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Black Lamb


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A taxing situation

April 1st, 2007


The Italian government has recently adjusted some of its income tax regulations. As a result, according to Corriere della Sera, at one level of income at least, single people now have to pay three times as much income tax as those of their fellow citizens who are married with a couple of kids and a dependent spouse.

This strikes me as just a bit unfair. Unlike many of my friends and acquaintances, I have no objection to paying taxes, and probably, Italy being the country it is, I could get away with paying less than I actually do. But I consider them an essential part of civilized life. Though some of what I contribute to the commonwealth gets wasted, most of it is still spent on really useful projects like confining my neighbors’ children during daylight hours to places of education. I can also put up with the idea that I might be subject to a bit of discriminatory taxation, up to a certain point — but to have to pay fully three times as much as a married person is too much.

I have scratched my head for ages to try to understand why we are being penalized in this way for choosing to stay single, but I can find no convincing answer. Since it is widely believed that single people have a larger disposable income than married people — though how do we know that, and what do we mean by “disposable”? — it is just about possible that the people who pass these laws are working on the principle, “From each according to his or her ability, to each according to her or his need”. The present Italian government is made up in part of former communists, so I can see why they might think that a good idea, but don’t they also do punitive taxation of the unmarried in the USA? I hesitate to accuse any U.S. government, whether of the right or of the far right, of acting on even vaguely Marxist principles, so there must be some other explanation, and perhaps even a justification, for regulations of this type.

It might be the case, I suppose, that governments want to discourage a possible proliferation of one-person households, on the grounds that in a society of finite resources there are better things for the community to invest in than pointlessly reduplicated kitchens, toilets, and light bulbs. Tax allowances offered to people sharing accommodation — if we concede that they do actually induce more people to share — will reduce the number of toilet bowls that need to be produced, and so liberate resources that can then be dedicated to giving the military more and better weapons, for instance. As a theory, this doesn’t sound too unreasonable, but if it is true, then I would expect tax allowances to be based not on marital but on domestic status. The sacrament of matrimony is doubtlessly a great blessing to those who undergo it, but what has it got to do with taxation?

In France, of course, where they do things sensibly and logically, tax rules do in fact now take into consideration people’s domestic set-ups. Since 1999 they have had the so-called PACS law, which allows any two people living together permanently — gay couples, mothers with their spinster daughters, Laurel & Hardy — to register a domestic partnership and get the tax benefits that follow on from it. Clearly, in France they feel that the whole community benefits when two people agree to use the same kitchen and watch the same television, and that they should be rewarded for their selflessness with some tax breaks.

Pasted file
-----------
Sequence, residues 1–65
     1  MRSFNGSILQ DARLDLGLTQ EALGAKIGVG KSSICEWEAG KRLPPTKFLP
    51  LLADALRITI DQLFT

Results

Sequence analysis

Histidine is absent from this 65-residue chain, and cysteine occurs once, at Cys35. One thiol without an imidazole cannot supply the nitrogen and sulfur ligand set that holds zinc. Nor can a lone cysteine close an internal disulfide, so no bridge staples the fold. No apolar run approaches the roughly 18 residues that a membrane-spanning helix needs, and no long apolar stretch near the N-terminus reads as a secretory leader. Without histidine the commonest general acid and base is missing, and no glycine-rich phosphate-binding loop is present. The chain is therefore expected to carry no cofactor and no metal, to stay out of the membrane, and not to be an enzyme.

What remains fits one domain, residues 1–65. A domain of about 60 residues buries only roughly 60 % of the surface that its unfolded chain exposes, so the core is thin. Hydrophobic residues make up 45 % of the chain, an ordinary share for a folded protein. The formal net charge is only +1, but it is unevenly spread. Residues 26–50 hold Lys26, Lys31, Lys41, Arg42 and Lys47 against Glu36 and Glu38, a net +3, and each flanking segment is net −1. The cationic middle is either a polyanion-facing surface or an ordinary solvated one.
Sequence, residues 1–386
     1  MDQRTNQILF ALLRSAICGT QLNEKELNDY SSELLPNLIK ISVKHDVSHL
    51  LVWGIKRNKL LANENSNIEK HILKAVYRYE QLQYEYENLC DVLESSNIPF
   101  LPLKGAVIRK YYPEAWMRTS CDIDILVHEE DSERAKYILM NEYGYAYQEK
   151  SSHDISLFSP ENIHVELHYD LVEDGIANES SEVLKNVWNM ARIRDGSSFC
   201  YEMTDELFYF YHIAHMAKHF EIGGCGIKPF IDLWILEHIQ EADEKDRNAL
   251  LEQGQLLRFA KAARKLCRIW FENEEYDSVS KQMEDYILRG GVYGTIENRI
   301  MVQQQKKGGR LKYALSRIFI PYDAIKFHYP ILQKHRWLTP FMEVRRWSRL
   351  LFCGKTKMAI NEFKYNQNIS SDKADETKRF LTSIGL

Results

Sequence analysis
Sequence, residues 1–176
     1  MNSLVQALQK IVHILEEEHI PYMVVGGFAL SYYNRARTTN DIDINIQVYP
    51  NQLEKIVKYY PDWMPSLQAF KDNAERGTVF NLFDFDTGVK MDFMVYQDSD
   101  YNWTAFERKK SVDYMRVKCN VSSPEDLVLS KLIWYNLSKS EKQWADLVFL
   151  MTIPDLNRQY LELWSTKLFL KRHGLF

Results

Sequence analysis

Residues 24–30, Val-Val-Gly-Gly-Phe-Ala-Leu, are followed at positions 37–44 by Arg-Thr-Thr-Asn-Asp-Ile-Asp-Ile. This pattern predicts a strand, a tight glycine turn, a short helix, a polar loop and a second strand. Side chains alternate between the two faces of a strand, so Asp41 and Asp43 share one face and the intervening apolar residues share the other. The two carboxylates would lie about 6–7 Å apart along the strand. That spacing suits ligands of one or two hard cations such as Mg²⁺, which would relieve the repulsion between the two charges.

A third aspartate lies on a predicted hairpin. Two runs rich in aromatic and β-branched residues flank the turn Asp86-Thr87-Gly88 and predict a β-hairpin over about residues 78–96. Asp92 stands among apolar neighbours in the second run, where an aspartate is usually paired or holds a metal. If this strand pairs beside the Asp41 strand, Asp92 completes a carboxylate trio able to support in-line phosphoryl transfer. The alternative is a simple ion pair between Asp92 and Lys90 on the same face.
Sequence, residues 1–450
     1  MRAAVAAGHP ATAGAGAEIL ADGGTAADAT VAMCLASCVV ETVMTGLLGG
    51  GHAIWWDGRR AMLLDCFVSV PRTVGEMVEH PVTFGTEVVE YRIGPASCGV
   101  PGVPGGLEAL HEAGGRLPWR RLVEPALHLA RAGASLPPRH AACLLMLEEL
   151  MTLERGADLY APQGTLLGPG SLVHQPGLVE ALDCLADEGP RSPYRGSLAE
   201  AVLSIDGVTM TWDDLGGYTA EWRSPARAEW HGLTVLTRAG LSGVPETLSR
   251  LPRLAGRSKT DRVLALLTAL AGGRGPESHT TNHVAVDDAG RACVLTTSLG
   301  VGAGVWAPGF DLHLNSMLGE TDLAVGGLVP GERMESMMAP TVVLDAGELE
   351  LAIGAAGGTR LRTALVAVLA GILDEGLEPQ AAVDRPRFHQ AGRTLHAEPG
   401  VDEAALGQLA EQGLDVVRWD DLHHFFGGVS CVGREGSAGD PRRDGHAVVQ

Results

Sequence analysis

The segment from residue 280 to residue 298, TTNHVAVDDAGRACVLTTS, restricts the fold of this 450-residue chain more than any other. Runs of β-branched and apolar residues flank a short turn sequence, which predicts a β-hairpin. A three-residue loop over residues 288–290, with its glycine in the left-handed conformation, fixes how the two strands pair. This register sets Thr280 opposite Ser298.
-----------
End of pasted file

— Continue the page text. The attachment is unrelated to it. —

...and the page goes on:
The Italian government keeps an eye on what its neighbors are up to and has recently tried to introduce a similar domestic partnership law, though rather more half-heartedly, and with important differences. The Italian law doesn’t allow two family members living together to register, either because family members are already dealt with in existing laws, or, as I suspect, because a French-style PACS law would open up too many possibilities for fraud. After all, we read in the Messaggero that Italy is the European country where, if you die at home of old age, you are most likely to get cut up and stored in the freezer so that your family can carry on cashing your pension. And they probably don’t want to encourage lay-about sons to live at home with their widowed mothers any more than they do already.

This Italian PACS law is for some reason being fiercely opposed at the moment by Holy Mother Church — rather surprisingly, since it is basically only a tax law and so a matter of rendering unto Cæsar that which is Cæsar’s, I would have thought. And PACS-type laws are at least one small step in the direction of some sort of fairer taxation, even if they don’t do much for the innocently single. The die-hards in the Vatican don’t want to understand this, but there are signs that the opposition from the Roman Catholics won’t be able to go on indefinitely. La Stampa has informed us that eighty percent of Italian parish priests are in favor of the new PACS law, and that more than fifty percent would be in favor of gay marriage. It is clear that the nice old gentlemen living comfortably around St Peter’s have just no idea how hard the ordinary parish clergy are finding it to make ends meet. With fewer and fewer people choosing to get married, priests’ incomes from performing marriage ceremonies are going down, and they feel they could really do with a top-up from the fees they could charge for blessing gay unions, fees which at present papal intransigence is allowing to go to the damned Protestants. •

Posted by: The Editors
Category: All Marriage Issue, Darrel | Link to this Entry


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